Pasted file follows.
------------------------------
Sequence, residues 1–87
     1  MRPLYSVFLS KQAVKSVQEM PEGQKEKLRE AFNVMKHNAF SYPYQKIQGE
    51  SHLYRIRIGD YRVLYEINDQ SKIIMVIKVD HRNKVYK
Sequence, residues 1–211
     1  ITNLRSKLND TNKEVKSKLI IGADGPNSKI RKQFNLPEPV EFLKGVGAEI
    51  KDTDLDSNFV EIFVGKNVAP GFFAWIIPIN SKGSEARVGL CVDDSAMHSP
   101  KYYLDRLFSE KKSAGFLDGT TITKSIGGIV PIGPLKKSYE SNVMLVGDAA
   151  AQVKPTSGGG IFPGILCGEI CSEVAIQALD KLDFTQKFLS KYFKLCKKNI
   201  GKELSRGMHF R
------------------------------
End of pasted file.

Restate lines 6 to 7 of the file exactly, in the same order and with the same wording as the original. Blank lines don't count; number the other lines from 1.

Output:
    51  KDTDLDSNFV EIFVGKNVAP GFFAWIIPIN SKGSEARVGL CVDDSAMHSP
   101  KYYLDRLFSE KKSAGFLDGT TITKSIGGIV PIGPLKKSYE SNVMLVGDAA